In a recent Rolling Stone interview Bob Dylan quotes Scipio as an explanation in how he so ably has disconnected from the rat race, "I'm never in such good company as when I'm alone." I admire Bob Dylan and Scipio but since I am neither a poetic nor military genius I've struggled to reconcile this truth into personal habit. Yesterday however I realized that the source of my life-long angst has been an unwillingness to accept that sometimes being alone is the only way to ensure good company.
I've pulled my mind apart by concerning myself between false choices of popularity and integrity. I can't blame myself too much. I chose the theatre for my first profession and advertising for my second. Both industries enable people-pleasing as a competitive advantage. I'm just now seeing however that my valuation of popularity as a security towards happiness is a fallacy. I've never been so unhappy as when I agree with the crowd as a means to be agreeable. In short, people pleasing sucks. I feel phony, afraid and unsure.
But, we seem to live in a world where the pursuit of popularity is burning on ample oxygen and to avoid it is to invite the anxiety one feels when ostracized from the herd. Twitter filled air-waves capitalize on tweets as a self-esteem currency where people long to be followed. Yet, I find myself reacting as a reclusive paranoid amidst this socialized narcissism. Mostly because I think that popularity has little to do with insight or intelligence. I was the kid beaten up on the playground due to late onset puberty and an astigmatism that led to coke-bottle lenses in welfare frames. Growing up poor and unattractive creates a longing for and distrust of the popular kids. I see in the twittering twits the same bullet-headed aggression. The instinctive tweeters fail to consider the possibility that tweeting too hard can often contradict their own self importance.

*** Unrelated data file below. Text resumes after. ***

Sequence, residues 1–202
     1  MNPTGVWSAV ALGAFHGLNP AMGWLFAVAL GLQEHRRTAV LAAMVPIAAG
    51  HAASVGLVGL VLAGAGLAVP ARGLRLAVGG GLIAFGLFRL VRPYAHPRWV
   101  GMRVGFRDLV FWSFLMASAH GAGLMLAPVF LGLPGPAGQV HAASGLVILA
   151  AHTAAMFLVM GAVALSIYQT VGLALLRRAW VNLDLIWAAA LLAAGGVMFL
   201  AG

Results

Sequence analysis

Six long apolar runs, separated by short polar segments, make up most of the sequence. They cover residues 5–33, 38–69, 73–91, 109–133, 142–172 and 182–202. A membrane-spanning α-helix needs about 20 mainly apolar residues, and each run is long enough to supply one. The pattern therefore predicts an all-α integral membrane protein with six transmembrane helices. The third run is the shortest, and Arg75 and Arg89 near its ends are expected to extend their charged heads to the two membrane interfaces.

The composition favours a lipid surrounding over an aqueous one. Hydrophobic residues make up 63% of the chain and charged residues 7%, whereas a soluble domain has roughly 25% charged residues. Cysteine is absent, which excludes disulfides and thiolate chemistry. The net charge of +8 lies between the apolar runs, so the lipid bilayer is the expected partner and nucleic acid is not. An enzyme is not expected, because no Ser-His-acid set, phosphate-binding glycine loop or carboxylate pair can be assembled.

Bob Dylan again, "It's peculiar and unnerving in a way to see so many young people walking around with cellphones and iPods in their ears and wrapped up in media and video-games, it robs them of their self-identity. It's a shame to see them so tuned out to real life. Of course they are free to do that, as if that's got anything to do with freedom. The cost of liberty is high, and young people should understand that before they start spending their life with all those gadgets."
In the battle of Twitter vs. Solitude I'm starting to lean towards the latter. It's happier knowing that the ideas and experiences I hold are intrinsically good because I have the capacity to hold them. For me, socializing them leads too often to the unintended but predictable conclusion towards consensus. Everyone wants to be aware of what everyone else likes to ensure that personally held likes will not create uncomfortable dislike. Like-mindedness masquerades as mindfulness in a culture that values mass-appeal and I'm starting to find it disagreeable.
I don't do this without angst. I want to be the popular kid. I want to be well loved and mediate my personality via the most viable social media but, deep down, I have to listen to the still small voice that responds to the invitation, "You can follow me on Twitter" with, "Why the fuck do I want to do that?"
I'm beginning to see popularity as sugar on my tongue. A tasty rush that has little nourishment.
I'm starting to prefer the uncomfortable but more durable option of becoming a majority of one.
I wonder if doing so will provide the insight to recognize my own idiot wind or the courage to face down an army of elephants.